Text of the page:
By: Alan Jaffe
My name is Alan Jaffe. I am 81 years old and retired, and I volunteer for the Alzheimer’s Association Washington State Chapter.
I have had a very diversified life in careers and education. However, the constant aspect of my life over all of those years has been my relationship with my wife, Gail. We were married for 58 years from 1960-2018. l was with Gail over 66 years. We met in grade school when we were 13 years old. We became friends in the summer of 1952 when we were part of a group of kids playing at a swimming pool. We grew up together through grade school, high school, college, marriage, and graduate school. We have three boys and six grandchildren.
Gale was my childhood friend, life partner, mother of our children and friend forever.
She was proud to be a professional mental health practitioner and a psychoanalytical therapist for over 40 years. She was highly intellectual and her library held hundred of books — she read at least three books a week. She also found time to become a Master Gardener, a world traveler and a close friend to almost everyone she met. Our sons became her life, and they became the foundation for all she did to achieve a meaningful life.
Gail began recognizing changes in herself in 2001-2002, a time when she had to deal with some mental and physical health issues. Eventually, she sought medical help. While her physical issues outnumbered her mental ones, all the time they were becoming related issues.
Then, around 2008 she began to feel and notice more changes that interfered with her daily life. Because she worked in mental health, Gail was educated on the early signs of dementia and recognized them in herself. She consulted with a neurologist and other doctors. Sometime during 2008-2009, her neurologist confirmed there could be some accuracy in Gail’s concerns. Gail began seeing her neurologist regularly and dealt with the slow and persistent changes for about nine years.
In 2015, her neurologist advised us she was diagnosing Gail’s illness as Alzheimer’s disease. In the last few years, Gail had included me in all her doctor’s visits. She wanted me to help her remember what she wanted to tell the doctor and what the doctor told her. Gail wanted me to help her remember instructions for changes that were meant to make her life a little better.
At first, Gail succeeded in “fooling” her friends, but chose to share the diagnosis with our children. Denial was not tolerated when it came to her children. After we told the kids, it was only a few months later that she shared the information with friends and her professional associates.
In 2014, I became Gail’s full-time caregiver. I was not prepared for assuming this position, as no one really is. I learned by reading recommended books including clinical research published by the Mayo Clinic and other reference books referred to me by many informed people about the disease and caregiving. This information was indispensable for me to see and accept what was happening.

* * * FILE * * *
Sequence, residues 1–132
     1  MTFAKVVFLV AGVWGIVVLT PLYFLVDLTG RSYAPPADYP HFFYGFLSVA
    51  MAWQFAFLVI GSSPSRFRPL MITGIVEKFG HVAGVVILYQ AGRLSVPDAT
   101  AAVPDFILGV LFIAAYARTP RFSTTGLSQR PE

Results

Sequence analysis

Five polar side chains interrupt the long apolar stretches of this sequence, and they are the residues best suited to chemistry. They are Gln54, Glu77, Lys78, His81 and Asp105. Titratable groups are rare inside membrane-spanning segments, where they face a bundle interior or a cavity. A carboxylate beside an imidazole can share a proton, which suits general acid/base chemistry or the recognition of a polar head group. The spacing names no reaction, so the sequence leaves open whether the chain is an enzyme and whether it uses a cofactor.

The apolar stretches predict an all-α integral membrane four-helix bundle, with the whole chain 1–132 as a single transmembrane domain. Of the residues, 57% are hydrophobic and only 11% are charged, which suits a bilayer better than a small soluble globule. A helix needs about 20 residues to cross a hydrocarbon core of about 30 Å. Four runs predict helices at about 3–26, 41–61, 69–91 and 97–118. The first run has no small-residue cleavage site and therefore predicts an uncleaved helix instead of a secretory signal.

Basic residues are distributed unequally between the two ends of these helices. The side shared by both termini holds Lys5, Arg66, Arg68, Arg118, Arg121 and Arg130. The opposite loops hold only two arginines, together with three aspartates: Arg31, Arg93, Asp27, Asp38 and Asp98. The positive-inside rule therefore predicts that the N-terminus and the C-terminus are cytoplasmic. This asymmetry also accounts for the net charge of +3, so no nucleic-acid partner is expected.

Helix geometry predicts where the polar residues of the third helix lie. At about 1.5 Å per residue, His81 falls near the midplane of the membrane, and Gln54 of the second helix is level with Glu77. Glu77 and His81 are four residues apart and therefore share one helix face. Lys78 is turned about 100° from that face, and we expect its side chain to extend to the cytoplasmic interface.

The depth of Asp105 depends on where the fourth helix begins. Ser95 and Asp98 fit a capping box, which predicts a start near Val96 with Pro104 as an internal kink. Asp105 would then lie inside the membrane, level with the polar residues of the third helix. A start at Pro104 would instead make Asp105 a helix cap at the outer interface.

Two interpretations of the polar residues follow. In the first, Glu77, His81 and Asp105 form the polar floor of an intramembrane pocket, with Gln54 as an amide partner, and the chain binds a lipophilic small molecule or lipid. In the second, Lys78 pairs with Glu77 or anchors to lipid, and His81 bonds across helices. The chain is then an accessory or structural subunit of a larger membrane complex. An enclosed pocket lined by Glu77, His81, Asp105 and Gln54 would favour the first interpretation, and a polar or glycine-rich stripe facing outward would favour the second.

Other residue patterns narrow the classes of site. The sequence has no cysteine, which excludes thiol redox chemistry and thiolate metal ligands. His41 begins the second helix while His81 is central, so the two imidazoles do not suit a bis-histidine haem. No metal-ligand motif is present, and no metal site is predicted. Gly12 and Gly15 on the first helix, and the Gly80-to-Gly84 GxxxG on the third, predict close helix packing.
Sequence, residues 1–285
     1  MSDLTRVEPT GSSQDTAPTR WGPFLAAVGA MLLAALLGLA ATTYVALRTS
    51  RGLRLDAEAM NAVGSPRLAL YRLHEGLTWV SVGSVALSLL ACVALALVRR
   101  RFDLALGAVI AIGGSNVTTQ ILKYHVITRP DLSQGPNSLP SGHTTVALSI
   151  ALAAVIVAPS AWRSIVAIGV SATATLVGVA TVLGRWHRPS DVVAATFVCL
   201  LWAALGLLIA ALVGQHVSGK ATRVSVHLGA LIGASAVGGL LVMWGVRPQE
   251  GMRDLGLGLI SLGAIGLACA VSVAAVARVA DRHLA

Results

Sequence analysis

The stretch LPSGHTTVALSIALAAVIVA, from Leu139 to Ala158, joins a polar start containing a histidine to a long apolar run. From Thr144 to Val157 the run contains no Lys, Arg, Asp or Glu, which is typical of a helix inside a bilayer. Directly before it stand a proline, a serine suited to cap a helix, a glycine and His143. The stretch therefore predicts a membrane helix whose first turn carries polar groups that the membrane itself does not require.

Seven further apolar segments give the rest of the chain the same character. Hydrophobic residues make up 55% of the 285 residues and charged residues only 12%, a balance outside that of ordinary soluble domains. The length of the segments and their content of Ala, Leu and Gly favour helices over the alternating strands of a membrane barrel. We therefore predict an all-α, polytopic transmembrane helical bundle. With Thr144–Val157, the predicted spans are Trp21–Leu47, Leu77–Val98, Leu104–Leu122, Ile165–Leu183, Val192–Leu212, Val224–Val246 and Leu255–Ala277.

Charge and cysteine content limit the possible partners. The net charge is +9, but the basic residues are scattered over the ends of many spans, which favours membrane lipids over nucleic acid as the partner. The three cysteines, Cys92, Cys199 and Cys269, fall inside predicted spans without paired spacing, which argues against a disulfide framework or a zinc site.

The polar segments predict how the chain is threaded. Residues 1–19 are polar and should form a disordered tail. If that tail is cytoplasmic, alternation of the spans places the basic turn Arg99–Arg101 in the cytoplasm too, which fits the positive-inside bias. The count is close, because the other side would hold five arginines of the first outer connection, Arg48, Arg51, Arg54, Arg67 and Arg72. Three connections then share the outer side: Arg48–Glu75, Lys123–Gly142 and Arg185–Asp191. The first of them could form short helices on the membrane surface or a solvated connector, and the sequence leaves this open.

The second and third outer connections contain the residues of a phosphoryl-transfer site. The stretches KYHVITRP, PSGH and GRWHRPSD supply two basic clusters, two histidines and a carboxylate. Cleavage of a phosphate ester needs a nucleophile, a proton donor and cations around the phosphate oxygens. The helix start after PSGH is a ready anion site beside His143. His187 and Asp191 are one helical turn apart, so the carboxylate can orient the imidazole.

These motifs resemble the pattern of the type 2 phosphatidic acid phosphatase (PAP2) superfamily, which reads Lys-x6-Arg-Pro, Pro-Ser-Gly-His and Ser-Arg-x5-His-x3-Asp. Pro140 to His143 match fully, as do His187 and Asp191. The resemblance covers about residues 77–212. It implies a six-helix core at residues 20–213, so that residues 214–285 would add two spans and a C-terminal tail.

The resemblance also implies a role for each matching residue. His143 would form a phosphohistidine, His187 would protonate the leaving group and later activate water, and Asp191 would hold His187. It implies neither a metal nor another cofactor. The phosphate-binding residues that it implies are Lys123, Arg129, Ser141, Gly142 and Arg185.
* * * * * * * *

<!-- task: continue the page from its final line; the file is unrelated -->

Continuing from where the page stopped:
Gail died in August 2018 after having lived with this disease and other medical issues for many years. She died of complications related to the progress of her Alzheimer’s disease.
For me, becoming a caregiver was a natural process. We had been dependent on each other for over 50 years, and the last five years seemed to be part of the whole plan. I don’t remember “thinking about it.” I do know I gradually realized I was doing more for her and for us. It became more obvious that she couldn’t remember her daily tasks. These routines were becoming more difficult and more obvious — you might recognize some things like taking calls from friends, staying up with appointments, and grooming and dressing.
One of my goals as a caregiver was to understand how difficult this disease was for her. When Gail died, people were filled with questions about how I felt, if I was relieved my caregiving duties were over or if I thought Gail was thinking of me somewhere. I don’t have any answers.
After Gail passed, I did not know how or what I could do to get involved and make a contribution in the field of Alzheimer’s disease. I came across the Alzheimer’s Association as a volunteer opportunity. Volunteering was one way to do both — to get involved and make a contribution.
I stay motivated as a volunteer because I feel the need to give something to others while I can. I get the benefit of knowing I am doing something for others, and of course, for myself. Assisting at the Washington State Chapter keeps me active and I enjoy being with the office staff.
I do believe Gail would have wanted me to talk to our family, to our children and to professionals about grieving and mourning and whatever else comes up while doing so. Some professionals in mental health may agree with me when I say, “talking helps.” How does it help? I don’t know, but it does.
Are you interested in volunteering with the Alzheimer’s Association? Go to alz.org/volunteer to learn more about our many different volunteer opportunities!